Latinas' Narratives of Domestic Abuse: Discrepant versions of violence

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John Benjamins Publishing, Nov 24, 2003 - Language Arts & Disciplines - 315 pages
In the American legal system valid witness-testimony is supposed to be invariable and unchanging, so defense attorneys highlight seeming inconsistencies in victims accounts to impeach their credibility. This book offers an examination of how and why victims of domestic violence might seem to be changing their stories, in the criminal justice system, which may leave them vulnerable to attack and criticism. Latinas Narratives of Domestic Abuse: Discrepant versions of violence investigates the discourse of protective order interviews, where women apply for court injunctions to keep abusers away. In these encounters, two different versions of violence, each influenced by a range of ethnolinguistic, intertextual and cultural factors, are always produced. This ethnography of Latina women narrating violence suggests that before victims even get to trial, their testimony involves much more than merely telling the truth. This book provides a unique look at pre-trial testimony as a collaborative and dynamic social and cultural act.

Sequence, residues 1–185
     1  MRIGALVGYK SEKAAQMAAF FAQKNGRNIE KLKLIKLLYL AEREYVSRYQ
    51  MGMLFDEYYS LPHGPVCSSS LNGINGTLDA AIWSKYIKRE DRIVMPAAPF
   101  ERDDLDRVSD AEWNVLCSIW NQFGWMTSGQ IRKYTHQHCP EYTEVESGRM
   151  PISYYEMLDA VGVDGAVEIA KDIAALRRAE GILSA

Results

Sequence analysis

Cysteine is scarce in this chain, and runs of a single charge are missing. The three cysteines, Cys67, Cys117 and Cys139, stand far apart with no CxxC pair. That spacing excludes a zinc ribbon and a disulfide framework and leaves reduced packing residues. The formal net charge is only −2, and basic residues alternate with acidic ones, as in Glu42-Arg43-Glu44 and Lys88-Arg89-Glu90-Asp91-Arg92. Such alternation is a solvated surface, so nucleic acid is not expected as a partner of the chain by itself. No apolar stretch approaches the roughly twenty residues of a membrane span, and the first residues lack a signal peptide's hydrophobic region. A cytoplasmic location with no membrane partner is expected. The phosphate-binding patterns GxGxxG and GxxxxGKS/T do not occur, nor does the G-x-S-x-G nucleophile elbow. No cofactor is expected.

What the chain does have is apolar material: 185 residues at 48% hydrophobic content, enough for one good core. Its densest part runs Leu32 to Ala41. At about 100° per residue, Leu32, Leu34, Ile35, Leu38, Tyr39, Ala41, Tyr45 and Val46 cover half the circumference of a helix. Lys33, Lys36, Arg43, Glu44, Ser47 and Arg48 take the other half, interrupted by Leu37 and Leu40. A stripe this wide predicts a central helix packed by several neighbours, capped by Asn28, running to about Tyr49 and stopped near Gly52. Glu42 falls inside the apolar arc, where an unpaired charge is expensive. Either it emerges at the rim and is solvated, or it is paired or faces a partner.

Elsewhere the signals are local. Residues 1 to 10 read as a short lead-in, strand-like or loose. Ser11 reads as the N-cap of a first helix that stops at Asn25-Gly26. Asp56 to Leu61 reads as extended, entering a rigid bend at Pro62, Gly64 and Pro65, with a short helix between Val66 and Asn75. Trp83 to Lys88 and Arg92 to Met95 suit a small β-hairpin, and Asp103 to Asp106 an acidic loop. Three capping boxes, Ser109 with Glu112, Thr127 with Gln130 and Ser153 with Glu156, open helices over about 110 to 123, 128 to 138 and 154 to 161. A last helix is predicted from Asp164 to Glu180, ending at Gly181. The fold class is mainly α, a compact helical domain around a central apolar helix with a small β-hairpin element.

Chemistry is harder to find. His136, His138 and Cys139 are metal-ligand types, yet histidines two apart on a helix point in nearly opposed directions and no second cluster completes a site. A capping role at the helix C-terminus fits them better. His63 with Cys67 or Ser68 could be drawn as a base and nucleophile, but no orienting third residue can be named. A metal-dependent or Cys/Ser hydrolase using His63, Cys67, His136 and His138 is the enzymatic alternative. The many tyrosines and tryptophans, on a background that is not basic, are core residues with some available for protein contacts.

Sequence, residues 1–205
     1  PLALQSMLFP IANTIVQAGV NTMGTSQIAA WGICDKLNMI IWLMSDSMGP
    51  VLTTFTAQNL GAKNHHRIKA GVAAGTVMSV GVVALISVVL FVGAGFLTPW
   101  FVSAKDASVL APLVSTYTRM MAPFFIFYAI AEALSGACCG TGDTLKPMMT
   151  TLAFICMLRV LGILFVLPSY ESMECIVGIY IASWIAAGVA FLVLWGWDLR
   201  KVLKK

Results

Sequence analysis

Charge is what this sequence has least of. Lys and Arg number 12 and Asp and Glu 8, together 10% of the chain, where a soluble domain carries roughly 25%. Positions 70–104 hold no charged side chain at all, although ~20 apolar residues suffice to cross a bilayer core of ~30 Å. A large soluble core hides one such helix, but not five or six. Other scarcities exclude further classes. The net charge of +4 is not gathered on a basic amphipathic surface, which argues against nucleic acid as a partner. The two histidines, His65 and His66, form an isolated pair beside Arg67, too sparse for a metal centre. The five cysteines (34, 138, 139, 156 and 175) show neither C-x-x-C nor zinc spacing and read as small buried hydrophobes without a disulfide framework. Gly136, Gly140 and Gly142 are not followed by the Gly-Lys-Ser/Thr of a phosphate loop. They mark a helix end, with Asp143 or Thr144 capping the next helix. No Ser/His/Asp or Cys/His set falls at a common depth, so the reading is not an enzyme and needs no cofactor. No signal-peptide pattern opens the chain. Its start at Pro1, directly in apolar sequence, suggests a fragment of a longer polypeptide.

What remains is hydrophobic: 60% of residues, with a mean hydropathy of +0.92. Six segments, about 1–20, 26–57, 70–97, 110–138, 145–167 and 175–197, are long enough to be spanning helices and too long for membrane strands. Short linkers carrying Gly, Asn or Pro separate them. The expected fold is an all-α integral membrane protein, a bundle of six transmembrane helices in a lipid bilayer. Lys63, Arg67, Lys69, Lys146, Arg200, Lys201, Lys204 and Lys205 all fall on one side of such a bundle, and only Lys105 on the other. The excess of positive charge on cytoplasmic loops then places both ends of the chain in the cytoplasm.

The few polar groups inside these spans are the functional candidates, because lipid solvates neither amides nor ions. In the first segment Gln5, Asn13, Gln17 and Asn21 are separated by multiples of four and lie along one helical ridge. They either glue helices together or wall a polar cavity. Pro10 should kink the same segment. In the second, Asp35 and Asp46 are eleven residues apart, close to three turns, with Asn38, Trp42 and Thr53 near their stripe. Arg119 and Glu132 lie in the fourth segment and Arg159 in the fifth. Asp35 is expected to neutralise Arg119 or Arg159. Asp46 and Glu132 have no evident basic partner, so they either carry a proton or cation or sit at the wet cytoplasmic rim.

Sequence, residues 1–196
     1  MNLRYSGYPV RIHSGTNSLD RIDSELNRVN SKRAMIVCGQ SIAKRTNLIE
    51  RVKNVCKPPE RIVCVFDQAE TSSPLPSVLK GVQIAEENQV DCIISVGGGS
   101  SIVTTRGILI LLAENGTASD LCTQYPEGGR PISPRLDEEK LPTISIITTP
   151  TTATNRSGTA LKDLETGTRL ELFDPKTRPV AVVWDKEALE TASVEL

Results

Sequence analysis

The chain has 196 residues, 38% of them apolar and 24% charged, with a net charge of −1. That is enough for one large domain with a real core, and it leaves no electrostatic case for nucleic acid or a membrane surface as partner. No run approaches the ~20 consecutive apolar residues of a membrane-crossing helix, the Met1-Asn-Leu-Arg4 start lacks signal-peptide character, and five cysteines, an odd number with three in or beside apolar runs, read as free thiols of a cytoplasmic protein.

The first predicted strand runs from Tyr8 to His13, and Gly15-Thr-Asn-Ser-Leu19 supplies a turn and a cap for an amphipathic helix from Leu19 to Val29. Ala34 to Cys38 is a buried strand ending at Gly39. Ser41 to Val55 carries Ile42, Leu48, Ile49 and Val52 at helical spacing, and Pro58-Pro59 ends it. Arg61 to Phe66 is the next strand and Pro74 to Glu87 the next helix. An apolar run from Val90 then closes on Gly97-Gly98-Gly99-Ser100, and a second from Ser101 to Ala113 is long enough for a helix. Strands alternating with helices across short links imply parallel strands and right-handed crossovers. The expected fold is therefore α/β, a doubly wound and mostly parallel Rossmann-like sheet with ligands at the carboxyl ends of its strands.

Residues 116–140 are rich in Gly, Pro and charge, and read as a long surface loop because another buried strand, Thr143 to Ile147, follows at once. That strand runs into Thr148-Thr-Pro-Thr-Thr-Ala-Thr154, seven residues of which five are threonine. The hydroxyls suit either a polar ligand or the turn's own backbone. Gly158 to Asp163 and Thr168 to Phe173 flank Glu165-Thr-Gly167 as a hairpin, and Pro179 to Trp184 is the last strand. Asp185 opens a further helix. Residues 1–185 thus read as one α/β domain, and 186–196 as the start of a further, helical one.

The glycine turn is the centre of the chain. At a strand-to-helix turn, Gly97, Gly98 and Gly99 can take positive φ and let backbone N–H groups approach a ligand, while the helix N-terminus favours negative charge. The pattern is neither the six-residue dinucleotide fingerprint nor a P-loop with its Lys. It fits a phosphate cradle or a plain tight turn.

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Contents

1 Narrating violence in institutional settings
1
2 Telling the truth about violence
15
3 Representation ownership and genre
37
4 Telling and retelling
57
5 The protective order interview
87
6 Disappearing acts
121
7 Disfigurement and discrepancy
155
8 Transforming domestic violence into narrative syntax
191
9 Beyond the storytelling taboo
225
10 Discrepant versions and the margins
269
References
279
Glossary of legal terms
295
Author index
301
Subject index
305
STUDIES IN LANGUAGE AND SOCIETY
315
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